The Fresh Loaf

News & Information for Amateur Bakers and Artisan Bread Enthusiasts

Mixer Quandary

Nomadcruiser53's picture
Nomadcruiser53

Mixer Quandary

I'm in a bit of a quandary about a mixer purchase. So far I have done all my mixing or kneadind in a bread machine or lately by hand. I'm thinking a mixer would be nice. I like the 1000W, 7Qt Cuisinart at Costco since returns are hassle free if there is a problem. It's $499 CDN and I'm not sure how that compares to Bosch or Electrolux. The other option that interests me is a used 20 Qt Hobart purchased online. I see a few at reasonable prices now and then. Is a 20 Qt mixer huge overkill for the 3 or 4 loaves I make a week? Actually I know it is, but is it even feasible? Would a 20 Qt be able to do a reasonable job on small batches? I'd hate to buy one and not be able to put it to use. Any input would be appreciated. TIA. Dave

subfuscpersona's picture
subfuscpersona

What's the max amount (by weight) of dough you typically knead at one time? You say you make 3-4 loaves/week, but its unclear whether that is all at the same time or maybe split into 2 bakings/week or possibly different kinds of loaves (requiring different kinds of dough).

Besides the simple dough capacity you need, I'm also wondering whether you make breads that require greater strength from a mixer. For example...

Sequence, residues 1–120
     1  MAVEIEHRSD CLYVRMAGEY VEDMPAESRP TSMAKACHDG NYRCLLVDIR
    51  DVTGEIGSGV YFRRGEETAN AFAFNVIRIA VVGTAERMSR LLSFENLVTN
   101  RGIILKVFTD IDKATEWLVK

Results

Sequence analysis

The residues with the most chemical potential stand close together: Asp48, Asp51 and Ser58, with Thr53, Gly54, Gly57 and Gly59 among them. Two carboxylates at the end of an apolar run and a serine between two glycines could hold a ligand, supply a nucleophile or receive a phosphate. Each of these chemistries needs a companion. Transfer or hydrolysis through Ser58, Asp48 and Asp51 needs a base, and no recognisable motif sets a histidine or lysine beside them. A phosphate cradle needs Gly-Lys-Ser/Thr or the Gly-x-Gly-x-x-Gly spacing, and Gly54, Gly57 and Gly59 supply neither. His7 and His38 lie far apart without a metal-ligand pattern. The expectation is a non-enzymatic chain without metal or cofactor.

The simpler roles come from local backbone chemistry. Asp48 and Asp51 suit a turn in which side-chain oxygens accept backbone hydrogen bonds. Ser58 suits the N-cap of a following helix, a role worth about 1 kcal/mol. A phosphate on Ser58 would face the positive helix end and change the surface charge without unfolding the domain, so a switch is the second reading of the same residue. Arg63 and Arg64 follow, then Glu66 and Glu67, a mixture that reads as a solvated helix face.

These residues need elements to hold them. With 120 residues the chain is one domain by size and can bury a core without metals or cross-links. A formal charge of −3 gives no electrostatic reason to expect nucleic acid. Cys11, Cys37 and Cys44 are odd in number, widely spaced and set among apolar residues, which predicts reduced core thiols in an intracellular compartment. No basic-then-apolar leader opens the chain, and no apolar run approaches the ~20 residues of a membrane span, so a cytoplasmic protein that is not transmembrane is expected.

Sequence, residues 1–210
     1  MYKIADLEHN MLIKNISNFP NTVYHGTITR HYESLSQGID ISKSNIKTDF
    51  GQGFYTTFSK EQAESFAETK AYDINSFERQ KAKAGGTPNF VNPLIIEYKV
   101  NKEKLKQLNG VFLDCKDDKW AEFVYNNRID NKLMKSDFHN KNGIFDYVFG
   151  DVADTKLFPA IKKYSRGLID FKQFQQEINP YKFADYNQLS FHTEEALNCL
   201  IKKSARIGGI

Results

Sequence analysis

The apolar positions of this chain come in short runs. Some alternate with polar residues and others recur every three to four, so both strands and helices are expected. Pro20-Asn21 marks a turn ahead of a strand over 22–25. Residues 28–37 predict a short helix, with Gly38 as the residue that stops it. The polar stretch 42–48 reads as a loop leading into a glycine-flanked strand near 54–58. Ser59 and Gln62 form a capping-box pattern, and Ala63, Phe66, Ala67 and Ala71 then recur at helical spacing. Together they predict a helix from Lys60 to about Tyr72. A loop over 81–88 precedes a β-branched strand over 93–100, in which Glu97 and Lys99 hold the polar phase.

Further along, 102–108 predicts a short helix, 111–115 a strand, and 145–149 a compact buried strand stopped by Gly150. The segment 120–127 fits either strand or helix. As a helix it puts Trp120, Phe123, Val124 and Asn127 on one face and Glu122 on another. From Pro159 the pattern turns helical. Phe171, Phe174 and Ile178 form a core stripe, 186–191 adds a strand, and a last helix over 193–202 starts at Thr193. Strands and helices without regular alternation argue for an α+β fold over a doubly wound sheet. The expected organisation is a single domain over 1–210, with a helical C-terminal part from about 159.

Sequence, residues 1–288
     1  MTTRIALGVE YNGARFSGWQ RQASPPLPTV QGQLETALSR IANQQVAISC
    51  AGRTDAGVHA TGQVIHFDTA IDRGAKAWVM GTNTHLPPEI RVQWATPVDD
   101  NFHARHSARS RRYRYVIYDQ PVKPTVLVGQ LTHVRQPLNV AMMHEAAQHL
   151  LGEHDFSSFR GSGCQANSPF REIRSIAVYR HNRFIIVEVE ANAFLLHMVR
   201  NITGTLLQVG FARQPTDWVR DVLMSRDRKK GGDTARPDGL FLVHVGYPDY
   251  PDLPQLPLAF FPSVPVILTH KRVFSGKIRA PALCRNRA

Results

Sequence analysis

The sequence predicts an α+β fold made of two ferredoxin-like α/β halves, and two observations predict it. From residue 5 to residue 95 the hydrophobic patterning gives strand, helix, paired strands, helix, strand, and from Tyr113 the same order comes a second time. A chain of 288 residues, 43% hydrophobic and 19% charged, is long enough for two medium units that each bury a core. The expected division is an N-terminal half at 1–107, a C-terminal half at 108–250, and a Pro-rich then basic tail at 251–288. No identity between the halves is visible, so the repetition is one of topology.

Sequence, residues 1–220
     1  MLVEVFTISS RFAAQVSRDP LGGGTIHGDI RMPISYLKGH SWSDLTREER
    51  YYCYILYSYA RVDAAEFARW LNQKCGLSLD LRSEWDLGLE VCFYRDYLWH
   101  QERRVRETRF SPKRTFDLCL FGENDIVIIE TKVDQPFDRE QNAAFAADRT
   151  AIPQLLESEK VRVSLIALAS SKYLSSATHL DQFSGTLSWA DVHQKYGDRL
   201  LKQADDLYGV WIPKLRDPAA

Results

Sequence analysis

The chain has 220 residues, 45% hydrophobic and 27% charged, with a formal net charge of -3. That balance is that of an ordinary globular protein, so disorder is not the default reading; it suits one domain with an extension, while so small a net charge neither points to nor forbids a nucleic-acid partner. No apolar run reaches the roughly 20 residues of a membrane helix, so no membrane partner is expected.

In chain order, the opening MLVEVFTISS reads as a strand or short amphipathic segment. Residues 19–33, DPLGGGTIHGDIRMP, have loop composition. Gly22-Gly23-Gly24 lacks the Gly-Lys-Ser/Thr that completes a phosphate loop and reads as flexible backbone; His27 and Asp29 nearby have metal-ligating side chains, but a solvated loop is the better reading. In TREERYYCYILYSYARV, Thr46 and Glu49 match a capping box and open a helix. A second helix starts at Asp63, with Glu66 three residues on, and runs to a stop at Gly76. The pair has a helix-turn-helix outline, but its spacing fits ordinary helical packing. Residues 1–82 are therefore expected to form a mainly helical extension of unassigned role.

> do you like to make bread with mostly (or all) high gluten flour? I'm thinking bagel or bialye dough - high gluten flour puts more stress on the mixer motor.

> do you make a lot of whole grain bread (from 70 - 100% whole grain). Weight for weight, whole grain dough puts more stress on the mixer motor than a mostly white flour dough.

Plus...

> do you sometimes only want to make only 1 -2 pounds of dough, maybe for a speciality bread that you're trying out or a bread you only make now and then?

It strikes me a 20 qt mixer is a bit overkill for most home bakers, especially if your typical amount of dough to be kneaded at one time is 4 lbs or under. The 7-qt Cuisinart sounds better.

I know a number of posters here praise the Bosch (I've never used one myself).

Overall, I'm recommending that you clarify your bread baking needs in more detail. The more detail you provide, the better we can help you.

Best of luck on your purchase decision.

==========================

PS & FYI - I like to use a mixer to combine ingredients and maybe do some initial kneading but, basically, I'm a "knead it by hand" baker.

My favorite kneading technique is shown is this video...sourdough.com/video/hand-kneading-demonstrated-french-baker-simon-gosset

 

 

Nomadcruiser53's picture
Nomadcruiser53

Thanks for the input Dan and Sub. I'll certainly review my mixer needs, but on the other side of the coin I'm kind of a "what if?" guy. I hate it when I buy something and then down the road it doesn't meet my needs. And there is always the occassion where you need to bake way more than normal needs. Dave

Nomadcruiser53's picture
Nomadcruiser53

I'll keep looking. I don't mind paying for quality and I usually go bigger than I anticipate needing. I just don't want to buy a used 20 Qt hobart if it won't mix small batches. Dave

xaipete's picture
xaipete

I think we at TFL have to keep in mind that we use mixers almost in a professional capacity (hard and a lot), and that many of today's mixers (like those immaculate designer kitchens outfitted with the best of the best) are not really used that much (are mostly for show).